Laois down syndrome group worried about equal Covid-19 care

Lynda Kiernan

Reporter:

Lynda Kiernan

Laois down syndrome group worried about equal Covid-19 care

Michael and Mary Gorman at home in cocoon in Abbeyleix with their son Eoin.

Families of people with Down Syndrome in Laois are feeling particularly vulnerable during the Covid-19 pandemic.

They are in fear that if life and death medical choices had to be made on who to treat with Covid-19, that people with Down Syndrome who often have added health problems, would not be considered equal.

To add to their concerns, many parents of adults with Down Syndrome are themselves elderly and more at risk of getting seriously sick from the virus.

Their worries have been highlighted by the chairperson of Down Syndrome Ireland ‘Laois branch’, Michael Gorman.

“It is very difficult. A lot of our members have other health conditions and their immunity would be compromised. It is a great worry. We have a lot of adult members and a lot of their own parents would have to cocoon as they are over 70,” he said.

“Our concern is that as things progress with Covid-19, that people with Down Syndrome would be given the same priority as everyone else.

“We have heard some stories that in other countries they were put to the bottom of the queue for treatment for Covid in hospital. That they maintain their importance with every member of society if it comes to choices. This is a concern as things progress,” Mr Gorman said.

Michael and his wife Mary are themselves in lockdown with their son Eoin, 24, because of Michael’s own health.

“In our own case, we can’t leave the house at all because I have underlying health issues. Eoin here has no real health issues except a bit of asthma. But we are at the point now where we are not leaving the house, just staying in the back garden. We get our shopping delivered. I’d say that is happening with a lot of members. They are taking all possible precautions.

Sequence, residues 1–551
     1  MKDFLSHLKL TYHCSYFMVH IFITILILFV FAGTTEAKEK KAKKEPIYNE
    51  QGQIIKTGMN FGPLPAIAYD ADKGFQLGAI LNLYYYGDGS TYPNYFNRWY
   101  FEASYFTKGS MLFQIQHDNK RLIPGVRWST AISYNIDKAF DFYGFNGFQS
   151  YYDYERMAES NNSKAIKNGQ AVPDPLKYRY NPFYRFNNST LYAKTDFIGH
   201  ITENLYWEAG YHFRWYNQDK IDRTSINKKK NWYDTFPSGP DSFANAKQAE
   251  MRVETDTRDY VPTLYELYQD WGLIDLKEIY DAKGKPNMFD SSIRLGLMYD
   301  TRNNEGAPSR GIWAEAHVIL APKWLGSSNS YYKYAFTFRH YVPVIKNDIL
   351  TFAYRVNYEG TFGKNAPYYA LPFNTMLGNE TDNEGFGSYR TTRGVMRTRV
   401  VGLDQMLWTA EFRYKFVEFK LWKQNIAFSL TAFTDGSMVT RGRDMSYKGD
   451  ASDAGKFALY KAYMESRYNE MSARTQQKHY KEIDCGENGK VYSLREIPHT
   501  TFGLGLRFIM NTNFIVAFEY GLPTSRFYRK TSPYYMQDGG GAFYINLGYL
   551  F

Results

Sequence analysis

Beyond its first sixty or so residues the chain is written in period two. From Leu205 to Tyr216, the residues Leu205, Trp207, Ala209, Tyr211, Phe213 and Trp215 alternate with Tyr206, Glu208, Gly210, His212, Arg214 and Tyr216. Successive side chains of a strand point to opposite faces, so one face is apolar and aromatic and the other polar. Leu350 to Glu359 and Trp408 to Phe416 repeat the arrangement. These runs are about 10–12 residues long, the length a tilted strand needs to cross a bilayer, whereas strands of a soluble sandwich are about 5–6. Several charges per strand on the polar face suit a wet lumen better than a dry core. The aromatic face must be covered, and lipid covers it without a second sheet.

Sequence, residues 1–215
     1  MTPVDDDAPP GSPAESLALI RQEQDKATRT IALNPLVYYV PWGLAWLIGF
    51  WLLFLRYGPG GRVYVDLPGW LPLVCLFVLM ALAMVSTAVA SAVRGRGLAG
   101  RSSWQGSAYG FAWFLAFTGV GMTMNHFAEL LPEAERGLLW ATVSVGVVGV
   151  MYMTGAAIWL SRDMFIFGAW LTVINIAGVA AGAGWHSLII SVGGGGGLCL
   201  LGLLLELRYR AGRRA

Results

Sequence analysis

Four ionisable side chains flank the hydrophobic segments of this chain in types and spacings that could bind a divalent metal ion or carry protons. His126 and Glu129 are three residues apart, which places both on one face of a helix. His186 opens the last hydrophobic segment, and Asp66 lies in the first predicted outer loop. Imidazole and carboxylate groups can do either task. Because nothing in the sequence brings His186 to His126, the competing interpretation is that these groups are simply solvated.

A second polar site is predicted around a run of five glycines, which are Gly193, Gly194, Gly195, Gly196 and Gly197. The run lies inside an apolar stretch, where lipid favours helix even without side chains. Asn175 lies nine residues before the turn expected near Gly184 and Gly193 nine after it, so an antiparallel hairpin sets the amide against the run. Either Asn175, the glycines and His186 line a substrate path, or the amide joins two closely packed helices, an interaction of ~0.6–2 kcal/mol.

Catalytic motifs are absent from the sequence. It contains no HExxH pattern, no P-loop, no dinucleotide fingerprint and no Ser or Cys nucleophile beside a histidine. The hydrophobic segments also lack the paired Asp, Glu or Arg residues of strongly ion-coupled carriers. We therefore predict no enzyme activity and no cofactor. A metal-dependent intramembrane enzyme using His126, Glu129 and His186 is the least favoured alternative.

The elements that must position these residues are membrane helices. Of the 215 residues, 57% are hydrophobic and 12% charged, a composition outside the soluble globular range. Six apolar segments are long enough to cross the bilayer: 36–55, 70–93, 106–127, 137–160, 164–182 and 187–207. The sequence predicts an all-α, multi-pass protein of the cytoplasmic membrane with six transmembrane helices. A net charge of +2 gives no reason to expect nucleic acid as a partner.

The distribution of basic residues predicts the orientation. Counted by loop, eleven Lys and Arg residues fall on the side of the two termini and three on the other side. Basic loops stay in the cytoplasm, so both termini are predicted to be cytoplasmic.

“We all want to get out of this as quickly as possible. It has had a detrimental effect to learning goals, it has been very curtailed, the same as everyone else,” he said.

They are doing their best to keep Eoin happy in lockdown.

“He can get bored easily. He has his own programmes on the laptop, but we don’t want him too much online so we have him outside doing a few bits. He has a swing and he listens to a lot of music.

Normally Eoin attends the RehabCare centre in Portlaoise five days a week.

“Once a month he would go to the Arch club disco, and he would go to the gym club weekly. All that is missed out on, the social contact is gone,” Michael said.

It is hard on Eoin’s mental health he said.

“It is tough on his mental health. He knows all about the coronavirus, he listens to the news carefully, and sometimes we have to get him to walk away as it can be overwhelming,” Michael said.

Another concern for them and other members is whether to attend the doctor for non-Covid health issues.

“You don’t know if you are doing the right thing or the wrong thing. We just need to look out for our health and get out of this as quickly as we can.

He is currently the chairman of the group, which provides social, educational and therapy supports to their members from their Abbeyleix base.

Their long term aim is to build a Field of Dreams education training centre so that adults with Down Syndrome can take their place in the paid mainstream workforce and live as independently as possible in communities.

The branch is still offering virtual online therapies, in Speech and Language, Occupational Therapy and Play Therapy, supplied by the professional company that the group always uses, but in online versions.

“The branch feels it is critical that these supports are continued,” the chairman said.

They have a gofundme page here for their Field of Dreams project.